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Whether as a member of legendary 90s/2000s house duo Deep Dish or working as a solo producer, Yoshitoshi Recordings founder Sharam is both equally a beloved and often unknown name in the annals of local-to-internationally trending house music names. If a long-standing devotee of the sound, you know his pedigree, and Deep Dish’s huge international hits “Flashdance” and”Say Hello” are perpetual favorites. However, if new to dance, the veteran may be an unknown treasure. With an unerring desire to maintain sonic autonomy, he bucks trends and maintains his own lane, cultivating passionate respect and magical live experiences in sound. His ascension to a place where he frequently plays on the legendary isle of Ibiza has led to collaborations with pop trending dance neophytes like Shakira, Kid Cudi and Diddy, yet he changed very little conceptually in order to meld well with their styles.

2012 finds him yet again in the midst of yet another charge of the pop-dance light brigade, and his latest Yoshitoshi release, Night and Day finds him navigating new and strange dance territory with the greatest of ease. I had the opportunity to interview the legend about his latest album, playing Ibiza, pop’s current dalliance with electronic sounds and DC’s own re-ascendancy to dance prominence.

Your latest mixes, Night and Day are your interpretations of sounds you would typically select for sets at those times. Was releasing something like this commercially always an idea or did you just feel that it’s time had come?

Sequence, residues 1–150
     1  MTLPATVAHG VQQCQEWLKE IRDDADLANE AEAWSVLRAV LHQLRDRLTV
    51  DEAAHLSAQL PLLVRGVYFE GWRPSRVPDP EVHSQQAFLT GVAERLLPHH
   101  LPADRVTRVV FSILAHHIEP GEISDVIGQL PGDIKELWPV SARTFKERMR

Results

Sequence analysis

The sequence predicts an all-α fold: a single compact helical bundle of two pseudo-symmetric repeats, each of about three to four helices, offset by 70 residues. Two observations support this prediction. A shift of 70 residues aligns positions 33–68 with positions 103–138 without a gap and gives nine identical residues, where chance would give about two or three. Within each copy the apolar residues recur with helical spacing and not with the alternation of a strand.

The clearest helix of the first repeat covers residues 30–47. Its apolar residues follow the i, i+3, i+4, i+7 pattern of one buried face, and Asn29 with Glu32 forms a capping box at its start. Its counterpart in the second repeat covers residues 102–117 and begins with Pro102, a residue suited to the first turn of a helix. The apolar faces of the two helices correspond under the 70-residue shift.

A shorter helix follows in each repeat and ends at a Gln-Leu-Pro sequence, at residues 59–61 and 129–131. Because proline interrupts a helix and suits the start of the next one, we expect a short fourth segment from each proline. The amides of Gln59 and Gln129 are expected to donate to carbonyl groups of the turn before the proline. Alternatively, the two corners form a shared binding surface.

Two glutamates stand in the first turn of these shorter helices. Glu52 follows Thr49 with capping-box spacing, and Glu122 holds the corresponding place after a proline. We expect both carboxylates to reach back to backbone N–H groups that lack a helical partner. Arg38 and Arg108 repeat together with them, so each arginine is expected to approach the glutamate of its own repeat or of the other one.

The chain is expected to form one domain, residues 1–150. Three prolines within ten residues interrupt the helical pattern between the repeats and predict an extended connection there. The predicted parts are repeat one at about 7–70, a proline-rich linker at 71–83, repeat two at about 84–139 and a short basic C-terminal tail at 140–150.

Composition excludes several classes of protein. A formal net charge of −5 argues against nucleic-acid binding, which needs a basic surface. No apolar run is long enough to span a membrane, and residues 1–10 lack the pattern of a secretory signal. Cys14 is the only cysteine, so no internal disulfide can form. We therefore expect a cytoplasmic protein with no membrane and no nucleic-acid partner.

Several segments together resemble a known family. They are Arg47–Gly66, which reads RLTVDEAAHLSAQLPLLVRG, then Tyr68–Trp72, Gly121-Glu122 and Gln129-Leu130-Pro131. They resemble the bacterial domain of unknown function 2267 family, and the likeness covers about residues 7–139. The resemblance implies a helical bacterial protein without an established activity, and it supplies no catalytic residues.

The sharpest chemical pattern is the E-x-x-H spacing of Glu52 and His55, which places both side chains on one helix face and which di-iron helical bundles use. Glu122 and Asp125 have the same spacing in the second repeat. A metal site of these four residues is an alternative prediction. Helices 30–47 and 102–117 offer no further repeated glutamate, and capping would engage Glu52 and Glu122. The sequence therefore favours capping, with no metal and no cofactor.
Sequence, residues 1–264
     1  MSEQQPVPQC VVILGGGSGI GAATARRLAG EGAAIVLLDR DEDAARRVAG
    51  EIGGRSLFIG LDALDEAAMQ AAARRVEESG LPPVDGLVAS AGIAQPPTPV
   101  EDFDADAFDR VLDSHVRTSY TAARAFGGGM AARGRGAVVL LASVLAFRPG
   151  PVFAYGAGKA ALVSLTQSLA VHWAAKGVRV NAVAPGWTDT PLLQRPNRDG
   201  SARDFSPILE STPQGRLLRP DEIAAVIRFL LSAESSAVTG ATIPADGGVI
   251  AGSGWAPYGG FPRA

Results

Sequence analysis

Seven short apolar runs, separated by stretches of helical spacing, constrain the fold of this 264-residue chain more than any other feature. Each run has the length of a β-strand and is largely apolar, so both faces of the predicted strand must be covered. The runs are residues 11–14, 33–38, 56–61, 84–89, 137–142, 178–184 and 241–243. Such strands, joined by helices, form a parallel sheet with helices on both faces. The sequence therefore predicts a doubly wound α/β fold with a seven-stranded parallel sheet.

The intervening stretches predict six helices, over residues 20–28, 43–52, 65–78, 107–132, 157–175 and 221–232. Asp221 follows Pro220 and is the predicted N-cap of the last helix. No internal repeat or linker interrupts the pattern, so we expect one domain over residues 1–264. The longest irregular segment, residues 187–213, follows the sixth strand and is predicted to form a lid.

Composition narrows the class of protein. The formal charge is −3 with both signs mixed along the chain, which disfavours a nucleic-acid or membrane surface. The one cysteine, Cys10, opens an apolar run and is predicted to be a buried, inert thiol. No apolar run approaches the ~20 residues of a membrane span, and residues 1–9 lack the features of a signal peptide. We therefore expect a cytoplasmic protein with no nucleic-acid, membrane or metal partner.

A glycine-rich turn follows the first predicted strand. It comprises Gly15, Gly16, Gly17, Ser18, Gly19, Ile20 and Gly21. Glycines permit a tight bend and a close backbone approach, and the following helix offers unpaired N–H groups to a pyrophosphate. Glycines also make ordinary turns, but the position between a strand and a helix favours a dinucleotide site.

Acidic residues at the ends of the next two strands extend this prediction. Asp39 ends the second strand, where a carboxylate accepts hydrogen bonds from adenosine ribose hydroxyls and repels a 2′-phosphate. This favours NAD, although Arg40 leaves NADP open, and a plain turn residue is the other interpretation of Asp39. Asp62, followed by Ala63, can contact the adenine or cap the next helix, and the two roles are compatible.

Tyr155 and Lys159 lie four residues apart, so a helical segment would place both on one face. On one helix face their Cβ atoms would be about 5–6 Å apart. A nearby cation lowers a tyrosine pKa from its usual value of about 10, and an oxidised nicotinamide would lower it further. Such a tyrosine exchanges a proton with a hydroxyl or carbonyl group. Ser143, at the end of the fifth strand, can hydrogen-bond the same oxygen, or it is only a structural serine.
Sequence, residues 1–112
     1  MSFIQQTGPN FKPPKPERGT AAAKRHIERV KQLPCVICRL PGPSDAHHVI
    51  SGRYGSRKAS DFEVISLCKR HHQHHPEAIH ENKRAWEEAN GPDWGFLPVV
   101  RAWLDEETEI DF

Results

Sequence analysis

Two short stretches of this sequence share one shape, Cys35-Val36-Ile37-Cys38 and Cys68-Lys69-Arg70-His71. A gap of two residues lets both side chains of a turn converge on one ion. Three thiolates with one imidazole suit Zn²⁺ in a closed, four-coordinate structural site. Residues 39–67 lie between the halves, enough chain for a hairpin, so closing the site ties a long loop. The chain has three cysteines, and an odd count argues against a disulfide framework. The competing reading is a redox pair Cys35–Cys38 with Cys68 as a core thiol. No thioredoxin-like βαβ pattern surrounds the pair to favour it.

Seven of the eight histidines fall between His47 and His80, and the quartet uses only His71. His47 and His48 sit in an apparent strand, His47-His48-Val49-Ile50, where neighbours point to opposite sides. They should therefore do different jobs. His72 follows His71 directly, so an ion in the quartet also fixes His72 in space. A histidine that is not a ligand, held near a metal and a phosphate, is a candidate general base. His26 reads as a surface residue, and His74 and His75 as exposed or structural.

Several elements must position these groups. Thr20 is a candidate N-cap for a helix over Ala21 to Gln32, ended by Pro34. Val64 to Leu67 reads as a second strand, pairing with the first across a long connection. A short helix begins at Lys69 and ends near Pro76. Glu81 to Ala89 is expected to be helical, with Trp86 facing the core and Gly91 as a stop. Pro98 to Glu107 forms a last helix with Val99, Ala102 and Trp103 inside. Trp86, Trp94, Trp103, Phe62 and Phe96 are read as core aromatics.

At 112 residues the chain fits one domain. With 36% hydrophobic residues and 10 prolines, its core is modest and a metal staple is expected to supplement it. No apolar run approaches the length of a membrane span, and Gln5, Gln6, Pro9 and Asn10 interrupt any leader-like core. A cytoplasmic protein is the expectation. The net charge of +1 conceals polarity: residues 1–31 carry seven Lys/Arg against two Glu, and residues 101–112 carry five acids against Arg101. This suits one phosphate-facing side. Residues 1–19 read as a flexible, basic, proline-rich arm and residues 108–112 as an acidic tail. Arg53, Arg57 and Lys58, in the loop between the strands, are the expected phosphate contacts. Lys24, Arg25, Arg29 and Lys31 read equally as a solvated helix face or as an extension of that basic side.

I’ve always done these mixes, as I’m a music fan first and foremost. I enjoy blending sounds, and certain sounds fit earlier sets, while others work better late. I don’t believe in genres, and I try to not play any one style more than another, too. Each mix represents a different vibe. The “Day” mix is definitely much deeper and has a much more tech house oriented vibe. “Night” is different, as it focuses more on melodic vocals and good music. As well, one of the benefits of doing these mixes is that it has provided great clarity for my own productions.

Being a dance music industry veteran, I have to ask your thoughts about the music industry’s current love affair with dance music, and its potential effect on the future of the genre?

Well, people want good music, something unforgettable. The (mainstream) industry players though always pick sides. It’s kind of like a cult following, like, “this is what’s hot, so we all must do that!” Playing from the other side of that is definitely “not cool.” I’ve always felt that I’ve been someone to say that we (in the dance music industry) should say that we don’t all have to play the popular sounds. I think it’s important too for people in dance to maintain friendships with all sides, and let the quality of the sound itself decide whether something’s good or bad. Beatport rankings, top ten pop rankings, they don’t matter. At the end of the day, though, we have to realize that the industry doesn’t have a say, and while the DJ’s have a bit of a say, the ultimate vote goes to the fans.

Whenever pop trends towards dance, we see a re-interest in the (just off the coast of Spain) isle of Ibiza. You’ve played on that legendary island a number of times, and I note that many of your dates in support of the Night and Day release are there during their popular summer season. Thoughts about Ibiza for those who are unaware, and why is achieving success there so important?